For numerous reasons, the global population is projected to begin declining in the next century. Most experts see this as a good thing, as it will relieve pressure on the environment and global resources.
Population decline has already begun in countries with low birth rates and low rates of immigration. A declining population brings about challenges. Countries like Italy, Japan, and Hungary for example, will not have enough young workers to keep their economies viable and support their aging populations. Italy’s population has been declining since 2014 and is on track to decrease by 20% by 2070. In addition, the population is aging, with 23% already being over 65.
Given this reality, current negative attitudes toward immigration in many countries are not only morally distasteful, but they also make no economic sense. Young people in developed countries are having fewer children, and this trend is unlikely to change. As baby boomers leave the workforce, there will be fewer and fewer workers left to replace them. No economy, no matter how strong, can sustain this pressure for long.
The obvious solution is immigration. Contrary to the beliefs of many, immigration strengthens the economy of a country. Immigrants tend to be young workers who have families. They buy products, pay taxes, and encourage their children to get a good education.
Countries like Canada are able to gain even more advantages from immigration by using the promise of a better life in a stable country to attract the best and the brightest from the developing world.
Canadians tend to look disparagingly at countries on the coastline of the Mediterranean Sea or who have a physical border with Latin America. If we are truly honest with ourselves, however, we recognize that our unwillingness to allow significant numbers of brown and black refugees into our country is no less disgraceful or foolish. I make this statement as the grandchild of Arab refugees to North America from the last century. I see the contribution my family is making as highly educated and productive professionals throughout the continent, and statistics show that we are far from unique.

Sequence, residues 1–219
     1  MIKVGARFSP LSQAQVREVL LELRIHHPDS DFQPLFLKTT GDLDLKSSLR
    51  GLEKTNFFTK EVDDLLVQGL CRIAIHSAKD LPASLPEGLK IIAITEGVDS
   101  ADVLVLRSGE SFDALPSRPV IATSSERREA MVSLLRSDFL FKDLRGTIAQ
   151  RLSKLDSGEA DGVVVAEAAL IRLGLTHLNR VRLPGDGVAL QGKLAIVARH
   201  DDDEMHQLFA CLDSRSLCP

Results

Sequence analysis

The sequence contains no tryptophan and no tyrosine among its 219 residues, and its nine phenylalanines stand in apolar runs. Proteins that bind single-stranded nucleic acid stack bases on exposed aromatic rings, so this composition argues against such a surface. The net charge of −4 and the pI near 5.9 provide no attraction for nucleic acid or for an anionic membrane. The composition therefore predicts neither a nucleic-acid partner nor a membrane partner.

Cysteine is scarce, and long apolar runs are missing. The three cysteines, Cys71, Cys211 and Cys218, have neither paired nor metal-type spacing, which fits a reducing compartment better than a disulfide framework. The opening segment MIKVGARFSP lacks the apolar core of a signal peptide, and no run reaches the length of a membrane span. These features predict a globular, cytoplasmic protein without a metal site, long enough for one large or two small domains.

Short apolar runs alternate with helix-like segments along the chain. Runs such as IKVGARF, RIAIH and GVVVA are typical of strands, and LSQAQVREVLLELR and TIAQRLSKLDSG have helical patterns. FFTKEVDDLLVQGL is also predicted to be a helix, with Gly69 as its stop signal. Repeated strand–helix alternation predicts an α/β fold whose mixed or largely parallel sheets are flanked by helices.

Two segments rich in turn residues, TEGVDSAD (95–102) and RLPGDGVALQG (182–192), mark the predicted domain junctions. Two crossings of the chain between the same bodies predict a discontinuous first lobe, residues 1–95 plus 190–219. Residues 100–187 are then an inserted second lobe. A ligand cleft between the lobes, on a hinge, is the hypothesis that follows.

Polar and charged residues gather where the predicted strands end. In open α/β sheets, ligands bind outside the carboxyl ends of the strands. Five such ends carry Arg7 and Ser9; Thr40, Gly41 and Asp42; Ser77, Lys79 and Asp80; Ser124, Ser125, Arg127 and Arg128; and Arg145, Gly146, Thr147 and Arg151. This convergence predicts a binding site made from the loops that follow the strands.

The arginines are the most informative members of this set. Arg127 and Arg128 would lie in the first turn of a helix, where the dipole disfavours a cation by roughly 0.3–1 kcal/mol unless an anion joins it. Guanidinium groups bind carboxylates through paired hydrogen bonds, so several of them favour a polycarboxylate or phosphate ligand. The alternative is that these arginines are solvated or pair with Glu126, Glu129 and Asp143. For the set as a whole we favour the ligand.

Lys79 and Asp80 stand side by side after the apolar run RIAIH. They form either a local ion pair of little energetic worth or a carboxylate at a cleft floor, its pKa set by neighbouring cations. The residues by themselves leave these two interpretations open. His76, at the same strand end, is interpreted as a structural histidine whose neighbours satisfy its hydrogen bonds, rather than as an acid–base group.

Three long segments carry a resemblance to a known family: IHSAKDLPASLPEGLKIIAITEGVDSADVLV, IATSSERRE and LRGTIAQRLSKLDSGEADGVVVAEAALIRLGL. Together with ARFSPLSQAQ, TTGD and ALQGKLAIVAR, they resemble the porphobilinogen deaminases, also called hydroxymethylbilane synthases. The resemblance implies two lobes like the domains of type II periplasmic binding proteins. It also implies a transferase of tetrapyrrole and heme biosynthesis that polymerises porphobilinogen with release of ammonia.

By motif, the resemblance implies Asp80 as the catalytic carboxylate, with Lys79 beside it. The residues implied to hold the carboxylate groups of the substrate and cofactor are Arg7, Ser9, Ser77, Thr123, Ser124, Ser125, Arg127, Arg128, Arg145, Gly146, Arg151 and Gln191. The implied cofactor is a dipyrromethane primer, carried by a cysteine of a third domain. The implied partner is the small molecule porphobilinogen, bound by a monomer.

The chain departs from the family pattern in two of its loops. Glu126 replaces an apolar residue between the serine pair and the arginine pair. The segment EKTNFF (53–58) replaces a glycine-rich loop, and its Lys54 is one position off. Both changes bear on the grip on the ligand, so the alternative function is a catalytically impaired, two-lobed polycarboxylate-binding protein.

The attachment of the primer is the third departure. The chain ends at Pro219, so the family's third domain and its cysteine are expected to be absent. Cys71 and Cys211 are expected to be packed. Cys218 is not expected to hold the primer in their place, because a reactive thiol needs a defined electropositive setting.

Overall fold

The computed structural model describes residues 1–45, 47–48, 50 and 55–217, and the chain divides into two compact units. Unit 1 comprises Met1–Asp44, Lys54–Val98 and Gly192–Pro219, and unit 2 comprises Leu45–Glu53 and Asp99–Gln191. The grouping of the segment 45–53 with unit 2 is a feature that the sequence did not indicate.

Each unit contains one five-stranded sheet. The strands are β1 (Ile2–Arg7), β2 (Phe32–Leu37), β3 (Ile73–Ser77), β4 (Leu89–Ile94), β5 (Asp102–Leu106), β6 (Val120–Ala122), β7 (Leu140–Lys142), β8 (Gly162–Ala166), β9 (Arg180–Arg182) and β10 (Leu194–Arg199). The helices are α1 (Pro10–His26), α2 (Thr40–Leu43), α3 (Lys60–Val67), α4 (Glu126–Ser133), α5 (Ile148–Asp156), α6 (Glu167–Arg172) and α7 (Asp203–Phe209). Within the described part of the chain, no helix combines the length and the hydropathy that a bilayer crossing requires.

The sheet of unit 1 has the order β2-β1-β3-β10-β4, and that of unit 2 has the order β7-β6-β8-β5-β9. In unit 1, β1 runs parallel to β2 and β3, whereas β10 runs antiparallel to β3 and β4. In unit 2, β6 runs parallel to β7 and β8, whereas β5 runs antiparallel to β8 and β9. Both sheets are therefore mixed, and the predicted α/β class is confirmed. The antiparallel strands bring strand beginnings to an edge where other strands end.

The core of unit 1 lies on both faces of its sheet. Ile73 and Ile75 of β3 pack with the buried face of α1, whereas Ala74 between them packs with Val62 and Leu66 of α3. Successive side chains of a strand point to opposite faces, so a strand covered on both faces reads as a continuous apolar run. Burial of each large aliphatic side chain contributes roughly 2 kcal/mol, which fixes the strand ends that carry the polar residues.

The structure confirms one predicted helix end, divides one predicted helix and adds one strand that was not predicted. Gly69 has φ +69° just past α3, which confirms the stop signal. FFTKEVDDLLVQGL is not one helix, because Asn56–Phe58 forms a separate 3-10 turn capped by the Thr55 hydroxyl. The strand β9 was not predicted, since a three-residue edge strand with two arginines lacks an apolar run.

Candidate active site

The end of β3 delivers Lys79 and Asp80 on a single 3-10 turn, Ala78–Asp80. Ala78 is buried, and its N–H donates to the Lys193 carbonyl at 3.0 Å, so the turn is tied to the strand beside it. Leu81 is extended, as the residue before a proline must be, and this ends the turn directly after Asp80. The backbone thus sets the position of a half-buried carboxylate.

While her policy seemed controversial at the time, Angela Merkel’s decision to bring one million largely well-educated and young refugees into German in 2015 will be seen as a brilliant maneuver when the German economy continues to thrive while those of many of its European neighbours edge toward bankruptcy.
A viable argument can be made, of course, that refugees are not the most ideal immigrants. All countries would like to have the luxury of Canada where we attract our immigrants to suit the needs of our economy. Unfortunately, there are currently 108.4 million forcibly displaced persons in the world, of whom 35.3 million meet the legal definition of refugee.
The best solution to the refugee crisis is not to have refugees. We often forget that people do not want to leave their homes. They are forced to do so in order to escape wars and violence and to protect the lives of their loved ones.
The greatest motivator to fight wars that create refugees is the profitability of the war machine. Therefore, it is no coincidence that the five permanent members of the United Nations Security Council (France, Great Britain, the United States, Russia, and China) are also among the largest weapons producers in the world. They all need to be called out for their hypocrisy.
The truth is, we can no longer afford to feed the greed of the military-industrial complex. If we are to meet the needs of countries with declining populations in the coming decades, we need to be good to the people from countries with growing populations. We need to invest in schools and hospitals and allow people to live in peace.
There is no place for selfishness and xenophobia. We are all in this world together; when we treat others justly, we are actually helping ourselves.
Gerry Chidiac is a Prince George writer.